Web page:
Following the Texas Revolution in 1836, the Constitution of the new Republic of Texas guaranteed every person the right “to worship God according to the dictates of his own conscience.” As a result of this broad declaration of religious liberty, itinerant preachers with various religious denominations, including the Presbyterians, Episcopalians, Methodists, Baptists, and Disciples of Christ, traveled through the region looking for converts and supporters.
The Presbyterians were one of the first groups to establish a foothold in Texas. Yet, as historian Kate Sayen Kirkland has written, the “opportunity to evangelize [the] new country coincided with a schism in the denomination as Cumberland Presbyterians softened Old School Calvinism by declaring that Christ had died for all mankind, not just for a chosen few; they also insisted that sinners would not suffer eternal damnation, that infants who died without baptism were saved by Christ, and that the spirit of God operated on daily life.”
The Cumberland Presbyterians established the first church in Huntsville in 1850, and soon thereafter the Baptist congregation established a building of its own. The Old School Presbyterians built the third church in Huntsville in 1855-56 and named it First Presbyterian Church.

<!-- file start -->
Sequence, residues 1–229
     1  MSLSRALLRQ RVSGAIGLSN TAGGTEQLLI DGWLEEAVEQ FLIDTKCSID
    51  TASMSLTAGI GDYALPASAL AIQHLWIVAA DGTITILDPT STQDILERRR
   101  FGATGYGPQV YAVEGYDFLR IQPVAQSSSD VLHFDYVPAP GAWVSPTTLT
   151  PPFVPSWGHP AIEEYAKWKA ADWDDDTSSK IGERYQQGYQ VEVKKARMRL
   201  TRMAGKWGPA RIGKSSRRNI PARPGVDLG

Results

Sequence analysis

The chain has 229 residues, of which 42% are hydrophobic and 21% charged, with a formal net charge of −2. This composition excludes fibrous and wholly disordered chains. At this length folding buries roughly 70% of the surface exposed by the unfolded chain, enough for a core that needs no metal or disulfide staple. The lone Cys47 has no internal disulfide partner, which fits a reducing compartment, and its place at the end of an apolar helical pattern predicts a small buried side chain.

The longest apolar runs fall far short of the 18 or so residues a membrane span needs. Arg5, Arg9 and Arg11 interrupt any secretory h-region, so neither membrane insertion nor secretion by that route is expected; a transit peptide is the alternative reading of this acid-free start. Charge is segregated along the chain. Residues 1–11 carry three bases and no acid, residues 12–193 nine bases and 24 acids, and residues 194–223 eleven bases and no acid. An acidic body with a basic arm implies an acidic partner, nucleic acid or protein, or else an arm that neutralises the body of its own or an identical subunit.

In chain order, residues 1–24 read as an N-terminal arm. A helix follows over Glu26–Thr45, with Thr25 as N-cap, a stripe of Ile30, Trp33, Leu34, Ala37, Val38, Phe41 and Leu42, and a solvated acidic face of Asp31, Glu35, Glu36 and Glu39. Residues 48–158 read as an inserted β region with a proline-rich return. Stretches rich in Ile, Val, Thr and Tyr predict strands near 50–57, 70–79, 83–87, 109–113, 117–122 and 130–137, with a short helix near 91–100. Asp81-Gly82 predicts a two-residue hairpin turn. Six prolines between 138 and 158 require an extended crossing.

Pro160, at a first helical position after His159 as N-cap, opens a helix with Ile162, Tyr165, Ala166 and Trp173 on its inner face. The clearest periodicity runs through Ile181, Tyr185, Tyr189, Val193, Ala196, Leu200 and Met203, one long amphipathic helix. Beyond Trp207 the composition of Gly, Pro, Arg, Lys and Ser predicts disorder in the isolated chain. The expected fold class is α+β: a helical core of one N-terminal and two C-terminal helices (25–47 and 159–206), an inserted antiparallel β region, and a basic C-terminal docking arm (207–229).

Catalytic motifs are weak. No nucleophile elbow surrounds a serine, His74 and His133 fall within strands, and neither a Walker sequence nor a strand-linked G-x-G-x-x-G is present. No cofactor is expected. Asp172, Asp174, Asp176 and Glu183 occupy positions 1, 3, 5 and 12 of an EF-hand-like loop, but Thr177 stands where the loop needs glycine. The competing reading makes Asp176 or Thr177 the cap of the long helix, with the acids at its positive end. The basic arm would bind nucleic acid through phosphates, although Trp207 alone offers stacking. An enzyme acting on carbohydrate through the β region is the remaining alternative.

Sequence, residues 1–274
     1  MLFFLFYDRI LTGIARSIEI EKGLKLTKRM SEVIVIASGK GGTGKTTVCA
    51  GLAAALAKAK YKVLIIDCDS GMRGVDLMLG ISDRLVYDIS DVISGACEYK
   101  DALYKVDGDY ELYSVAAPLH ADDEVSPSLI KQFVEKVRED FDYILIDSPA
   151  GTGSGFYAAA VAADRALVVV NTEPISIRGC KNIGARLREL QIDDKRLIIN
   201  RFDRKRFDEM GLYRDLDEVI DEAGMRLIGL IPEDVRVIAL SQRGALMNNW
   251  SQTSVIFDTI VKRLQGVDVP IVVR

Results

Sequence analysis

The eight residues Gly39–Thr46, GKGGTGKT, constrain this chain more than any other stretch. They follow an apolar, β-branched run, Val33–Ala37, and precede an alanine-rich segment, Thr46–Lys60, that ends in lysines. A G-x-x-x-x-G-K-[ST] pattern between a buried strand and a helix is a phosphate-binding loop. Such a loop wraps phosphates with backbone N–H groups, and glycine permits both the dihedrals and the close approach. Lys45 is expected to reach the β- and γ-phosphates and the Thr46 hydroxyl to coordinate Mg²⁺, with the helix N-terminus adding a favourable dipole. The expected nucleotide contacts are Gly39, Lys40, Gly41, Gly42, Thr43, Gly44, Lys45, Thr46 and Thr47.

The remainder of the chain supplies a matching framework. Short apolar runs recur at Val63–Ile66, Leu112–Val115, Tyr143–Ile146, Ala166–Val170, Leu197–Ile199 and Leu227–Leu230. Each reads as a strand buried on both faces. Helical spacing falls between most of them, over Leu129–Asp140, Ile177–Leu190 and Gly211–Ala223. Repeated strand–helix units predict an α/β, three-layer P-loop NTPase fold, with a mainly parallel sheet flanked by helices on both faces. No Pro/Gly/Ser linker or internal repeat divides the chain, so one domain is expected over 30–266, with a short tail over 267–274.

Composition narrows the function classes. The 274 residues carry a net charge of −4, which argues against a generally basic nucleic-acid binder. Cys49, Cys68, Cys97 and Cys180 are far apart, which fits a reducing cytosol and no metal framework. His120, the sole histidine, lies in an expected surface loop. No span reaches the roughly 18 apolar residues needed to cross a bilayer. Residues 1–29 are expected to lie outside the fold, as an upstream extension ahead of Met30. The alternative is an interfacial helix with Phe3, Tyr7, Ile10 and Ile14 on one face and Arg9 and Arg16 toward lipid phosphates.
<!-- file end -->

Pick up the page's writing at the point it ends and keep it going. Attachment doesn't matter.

The members of the First Presbyterian congregation executed a deed for their church on March 14, 1855, and acquired a lot on the northwest corner of Lamar and Main Street. The structure was completed in 1856 and served the congregation for more than forty years. Samuel McKinney, Daniel Baker, and Rufus Bailey -- three presidents of Huntsville’s Austin College -- all served as early ministers at First Presbyterian.
In April 1899, the old building was demolished, and a new church begun. While construction got under way, the congregation worshiped in the old Henry Opera House in downtown Huntsville. On Sunday, January 31, 1904, after five years of construction, Pastor Daniel Penick Junkin, dedicated the new church building. The church called this site home for more than fifty years, and numerous photographs detail the life of the congregants at this location during World War I, the Great Depression, and World War II.
In November 1955, the members of First Presbyterian Church sold their building to Huntsville National Bank. Meanwhile, the trustees purchased a lot at 19th and R Street. Construction of the new church building lasted from February to September 1956.
In 1976, part of the existing sanctuary was converted to a chapel. In December of that year, the chapel was dedicated to the memory of Ben W. Young. A construction project completed in 1995 redesigned the church's old flat roof to a hip roof. Over many years, the members of First Presbyterian have helped to shape the local community by providing spiritual, educational, and social programming for the residents of Huntsville and the larger region.